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Anybody who is not afraid to fail is a winner

Competing at the highest level is not about winning, says Joe Torre, New York Yankees' manager. It's about preparation, courage, understanding and nurturing your people, and heart. Winning is the result.
Joe Torre, Bernie Williams
New York Yankees' manager Joe Torre, left, congratulates centerfielder Bernie Willliams after defeating the Baltimore Orioles in a baseball game last week in Baltimore.Gail Burton / AP
/ Source: BusinessWeek Online

Competing at the highest level is not about winning. It's about preparation, courage, understanding and nurturing your people, and heart. Winning is the result.

To emphasize the importance of preparation, I make my players recall a painful memory from the fourth game of the 2004 American League Championship Series.

We were up three games to none against Boston, and carrying a one-run lead heading into the last inning of the fourth game at Fenway. Mariano Rivera was pitching when he walked the leadoff batter. Boston decides to put in a pinch-runner, a guy named Dave Roberts, who would change the tide of the game and the entire series when he steals second. Bill Mueller comes to the plate, hits one through the middle. Roberts scores to tie the game.

The Red Sox would go on to win it 6-4 and fight their way back to take the championship. Roberts hadn't had an at-bat all series, but he was prepared to do the job being asked of him. As tough as that game was, I use it and Roberts' performance as an example to my players.

Team effort
You may be frustrated by not playing — that's my decision. But you have to understand when I put you in, you had better be ready to play because everybody in that clubhouse is relying on you. There will be a time when everyone on the team is going to contribute to winning a pennant.

As a member of a competitive team, you want to make sure you have yourself ready to play. You don't control anything but what you do.

As a manager, you are responsible for everybody. You're the final decision-maker. It's tougher to do what I do here, but, I will tell you, hitting with the bases loaded is no day at the beach either. After 25 years of managing teams, the last 11 with the Yankees, I have learned not to live in the past and dwell on something that failed. The great UCLA basketball coach John Wooden told me once that you can be prepared and have the best talent there is, but you can't necessarily control the outcome.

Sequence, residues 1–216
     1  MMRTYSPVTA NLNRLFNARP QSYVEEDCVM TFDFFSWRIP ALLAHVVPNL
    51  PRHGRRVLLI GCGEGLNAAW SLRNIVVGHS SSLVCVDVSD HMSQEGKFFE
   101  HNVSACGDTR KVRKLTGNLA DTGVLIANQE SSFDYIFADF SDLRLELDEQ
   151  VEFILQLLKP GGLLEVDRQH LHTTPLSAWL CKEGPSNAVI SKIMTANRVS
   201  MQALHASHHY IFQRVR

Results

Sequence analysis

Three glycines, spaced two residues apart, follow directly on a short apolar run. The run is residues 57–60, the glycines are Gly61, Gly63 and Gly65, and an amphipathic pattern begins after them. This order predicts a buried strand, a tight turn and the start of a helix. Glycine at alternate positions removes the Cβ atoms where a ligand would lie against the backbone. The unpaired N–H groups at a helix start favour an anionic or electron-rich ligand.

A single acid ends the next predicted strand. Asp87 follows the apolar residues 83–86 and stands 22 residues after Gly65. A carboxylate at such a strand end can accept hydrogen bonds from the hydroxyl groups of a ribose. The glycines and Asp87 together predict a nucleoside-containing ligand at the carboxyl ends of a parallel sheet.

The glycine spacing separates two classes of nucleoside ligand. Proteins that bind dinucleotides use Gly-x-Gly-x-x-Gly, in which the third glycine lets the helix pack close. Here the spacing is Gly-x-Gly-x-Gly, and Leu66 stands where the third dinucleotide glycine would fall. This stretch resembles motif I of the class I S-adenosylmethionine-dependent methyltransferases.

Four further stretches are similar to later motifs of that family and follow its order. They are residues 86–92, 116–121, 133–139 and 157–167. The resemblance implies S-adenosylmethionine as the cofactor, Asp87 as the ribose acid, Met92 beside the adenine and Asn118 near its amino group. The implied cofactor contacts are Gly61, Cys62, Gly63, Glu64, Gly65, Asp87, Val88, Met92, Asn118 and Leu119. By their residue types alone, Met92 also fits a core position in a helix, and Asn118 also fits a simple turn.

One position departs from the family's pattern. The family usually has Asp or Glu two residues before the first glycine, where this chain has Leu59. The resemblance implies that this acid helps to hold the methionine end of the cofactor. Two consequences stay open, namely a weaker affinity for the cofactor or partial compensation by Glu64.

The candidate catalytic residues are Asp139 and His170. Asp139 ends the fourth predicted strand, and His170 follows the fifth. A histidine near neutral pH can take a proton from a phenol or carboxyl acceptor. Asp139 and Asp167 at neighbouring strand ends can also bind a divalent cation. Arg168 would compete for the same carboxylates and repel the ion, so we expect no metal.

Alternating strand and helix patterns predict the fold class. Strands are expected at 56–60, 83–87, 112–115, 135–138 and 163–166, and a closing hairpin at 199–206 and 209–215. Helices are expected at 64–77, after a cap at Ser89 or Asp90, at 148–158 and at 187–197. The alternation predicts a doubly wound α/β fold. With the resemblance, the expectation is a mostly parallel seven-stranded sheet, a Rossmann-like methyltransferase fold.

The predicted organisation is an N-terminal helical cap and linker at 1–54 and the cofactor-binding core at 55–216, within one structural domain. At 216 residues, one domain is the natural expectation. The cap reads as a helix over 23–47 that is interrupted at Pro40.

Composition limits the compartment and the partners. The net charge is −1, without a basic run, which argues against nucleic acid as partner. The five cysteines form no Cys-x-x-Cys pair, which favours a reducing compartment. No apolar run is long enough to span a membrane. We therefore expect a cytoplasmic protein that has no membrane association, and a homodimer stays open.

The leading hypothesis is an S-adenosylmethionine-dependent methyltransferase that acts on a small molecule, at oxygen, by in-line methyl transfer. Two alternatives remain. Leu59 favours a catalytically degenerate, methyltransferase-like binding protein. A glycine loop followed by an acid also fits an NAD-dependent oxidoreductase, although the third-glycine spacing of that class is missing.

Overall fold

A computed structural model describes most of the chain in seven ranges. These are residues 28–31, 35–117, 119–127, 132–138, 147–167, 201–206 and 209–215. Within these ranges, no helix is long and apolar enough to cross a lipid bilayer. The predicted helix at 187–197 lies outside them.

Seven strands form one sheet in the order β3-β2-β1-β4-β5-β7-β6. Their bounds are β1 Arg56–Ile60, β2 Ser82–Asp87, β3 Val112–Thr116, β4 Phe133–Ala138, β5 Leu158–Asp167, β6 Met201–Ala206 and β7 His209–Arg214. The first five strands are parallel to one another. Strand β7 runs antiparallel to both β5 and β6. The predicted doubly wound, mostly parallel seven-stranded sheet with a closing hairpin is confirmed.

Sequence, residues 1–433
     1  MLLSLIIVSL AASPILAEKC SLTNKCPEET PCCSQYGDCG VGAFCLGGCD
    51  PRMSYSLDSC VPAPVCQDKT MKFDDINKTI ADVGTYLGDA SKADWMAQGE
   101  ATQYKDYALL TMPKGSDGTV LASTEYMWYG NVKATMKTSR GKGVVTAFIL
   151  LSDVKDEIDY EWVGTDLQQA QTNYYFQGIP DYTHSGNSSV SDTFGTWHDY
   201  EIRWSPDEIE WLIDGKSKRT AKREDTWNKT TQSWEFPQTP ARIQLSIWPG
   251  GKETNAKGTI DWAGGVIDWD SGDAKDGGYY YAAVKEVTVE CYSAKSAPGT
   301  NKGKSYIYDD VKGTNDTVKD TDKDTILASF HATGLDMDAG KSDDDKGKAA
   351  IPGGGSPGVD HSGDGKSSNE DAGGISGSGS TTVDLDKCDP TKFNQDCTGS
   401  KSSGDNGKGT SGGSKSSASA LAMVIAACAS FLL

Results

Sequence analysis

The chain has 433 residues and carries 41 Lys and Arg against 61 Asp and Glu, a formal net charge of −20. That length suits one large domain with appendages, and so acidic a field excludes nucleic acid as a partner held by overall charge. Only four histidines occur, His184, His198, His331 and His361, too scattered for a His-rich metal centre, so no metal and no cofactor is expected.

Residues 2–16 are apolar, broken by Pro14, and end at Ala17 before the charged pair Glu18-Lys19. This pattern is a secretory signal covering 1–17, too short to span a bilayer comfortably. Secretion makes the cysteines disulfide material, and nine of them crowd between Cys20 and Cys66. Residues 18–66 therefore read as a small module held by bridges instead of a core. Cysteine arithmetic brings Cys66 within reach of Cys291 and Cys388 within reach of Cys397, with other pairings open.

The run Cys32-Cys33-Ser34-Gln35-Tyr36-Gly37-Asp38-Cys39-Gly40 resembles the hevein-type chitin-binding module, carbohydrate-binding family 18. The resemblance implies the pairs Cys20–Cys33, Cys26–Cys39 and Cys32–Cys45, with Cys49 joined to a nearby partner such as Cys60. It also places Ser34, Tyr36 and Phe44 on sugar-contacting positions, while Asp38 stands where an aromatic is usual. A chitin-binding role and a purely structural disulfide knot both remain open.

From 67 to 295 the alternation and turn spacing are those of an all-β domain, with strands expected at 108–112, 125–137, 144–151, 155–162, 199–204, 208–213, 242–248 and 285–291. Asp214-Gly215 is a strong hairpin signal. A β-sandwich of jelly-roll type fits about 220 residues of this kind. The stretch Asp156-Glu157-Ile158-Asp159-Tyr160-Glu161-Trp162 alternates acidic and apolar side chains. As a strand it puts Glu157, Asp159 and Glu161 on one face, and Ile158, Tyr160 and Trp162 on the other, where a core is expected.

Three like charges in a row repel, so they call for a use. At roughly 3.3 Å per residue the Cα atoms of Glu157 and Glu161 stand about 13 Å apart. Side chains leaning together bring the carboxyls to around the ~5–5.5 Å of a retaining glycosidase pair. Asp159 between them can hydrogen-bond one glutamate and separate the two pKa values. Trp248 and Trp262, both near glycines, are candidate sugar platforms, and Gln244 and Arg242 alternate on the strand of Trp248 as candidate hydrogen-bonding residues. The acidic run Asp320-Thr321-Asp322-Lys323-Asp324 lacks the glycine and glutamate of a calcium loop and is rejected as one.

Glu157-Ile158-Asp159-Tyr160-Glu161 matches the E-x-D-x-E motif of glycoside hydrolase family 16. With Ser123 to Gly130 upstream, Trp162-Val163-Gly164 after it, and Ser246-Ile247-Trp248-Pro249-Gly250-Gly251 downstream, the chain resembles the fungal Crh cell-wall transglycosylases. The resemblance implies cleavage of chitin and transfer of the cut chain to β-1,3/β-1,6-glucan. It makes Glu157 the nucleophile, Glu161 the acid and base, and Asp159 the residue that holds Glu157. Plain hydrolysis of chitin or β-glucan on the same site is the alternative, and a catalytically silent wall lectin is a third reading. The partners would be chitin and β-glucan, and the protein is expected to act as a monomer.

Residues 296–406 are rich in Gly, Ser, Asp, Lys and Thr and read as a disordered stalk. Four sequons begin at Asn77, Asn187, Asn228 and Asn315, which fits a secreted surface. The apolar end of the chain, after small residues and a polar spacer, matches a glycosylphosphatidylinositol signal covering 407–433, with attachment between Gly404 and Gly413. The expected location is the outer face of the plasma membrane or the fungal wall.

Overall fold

I believe anybody who is not afraid to fail is a winner. I remember seeing my older brother, Frank, playing for the Milwaukee Braves in the World Series in 1957 and 1958 against the Yankees. I look back and admire him so much because he never seemed to worry about leaping to that next level. He just seemed to thrive in the pressure, never asking himself "what if I fail?" That's why having perspective is so important. If you talk about game seven of the World Series, it becomes so enormous that it scares the heck out of you. If you take it to a level that it is a baseball game and that one of two teams has to win, all of a sudden your chances are better.

These days it is so important for a CEO, or any manager, whoever it is, to be aware of his or her personnel. We are in an age of computers, and everything is so damn impersonal. But in the end, it still comes down to people. You have to make people feel necessary. Even if their contributions are minor, it adds to everything else.

That's what makes the machine work. I love players with heart, not necessarily emotion, but those who deep down are driven by something more than mind and body. I don't play favorites. The 25th member of the squad is just as important as the first guy. And I can't let my own emotions get in the way of competing. I have had to release guys I loved, and keep players I didn't necessarily care for.

I played and managed in more than 4,000 big league games before I ever got to a World Series. But all that experience without a championship helped me prepare for what I needed to do when I came to the Yankees.

When I first accepted the job at the end of 1995, my brother Frank said I was crazy. Others were writing about how I wasn't capable of doing this. All I knew was that George Steinbrenner was the guy who was going to give me the tools. Then it was up to me. I wasn't afraid of the challenge. I saw it as a big opportunity. Still, even with all the talent and resources we have here, having heart is what really makes a difference. As a manager, or if you're running a company, you want to know that you can ask somebody to do something and that they are going to find a way to get the job done. That's the essence of a competitor.

The toughest decision for any real warrior is deciding when to step away from the fight. I always think to myself that if February rolls around and I'm not excited about going to spring training, it's time. It never happens.

A few weeks ago we won a real nail-biter down in Texas and afterwards my stomach was burning. It was the first time in years that my stomach burned like that. One of my coaches, Larry Bowa, said to me, "See? You still want to do this." I do love the feeling of a big win. But again you don't have to have a World Series ring to be a winner. A winner is somebody who goes out there every day and exhausts himself trying to get something accomplished. Being able to get the most from their ability. That's what characterizes a winner.